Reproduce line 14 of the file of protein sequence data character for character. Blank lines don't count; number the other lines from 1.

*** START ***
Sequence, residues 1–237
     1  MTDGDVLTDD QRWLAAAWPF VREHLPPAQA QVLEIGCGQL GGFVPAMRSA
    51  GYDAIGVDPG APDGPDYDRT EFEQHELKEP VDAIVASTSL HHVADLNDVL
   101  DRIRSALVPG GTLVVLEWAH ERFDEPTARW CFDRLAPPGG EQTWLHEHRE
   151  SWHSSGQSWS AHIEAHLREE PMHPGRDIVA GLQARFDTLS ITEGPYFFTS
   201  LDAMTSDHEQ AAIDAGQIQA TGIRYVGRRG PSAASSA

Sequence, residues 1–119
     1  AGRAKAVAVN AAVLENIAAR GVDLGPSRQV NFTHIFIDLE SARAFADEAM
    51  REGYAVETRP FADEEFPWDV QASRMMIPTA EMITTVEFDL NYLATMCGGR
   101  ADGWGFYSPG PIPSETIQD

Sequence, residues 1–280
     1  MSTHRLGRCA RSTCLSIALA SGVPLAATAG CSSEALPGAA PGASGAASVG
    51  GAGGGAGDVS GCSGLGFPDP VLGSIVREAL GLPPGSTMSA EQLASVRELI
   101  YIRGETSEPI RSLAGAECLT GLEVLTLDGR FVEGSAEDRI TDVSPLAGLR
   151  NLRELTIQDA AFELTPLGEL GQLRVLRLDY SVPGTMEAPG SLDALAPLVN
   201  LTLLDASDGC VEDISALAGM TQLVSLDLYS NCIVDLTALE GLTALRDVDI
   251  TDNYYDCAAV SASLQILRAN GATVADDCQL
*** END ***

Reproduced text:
   101  YIRGETSEPI RSLAGAECLT GLEVLTLDGR FVEGSAEDRI TDVSPLAGLR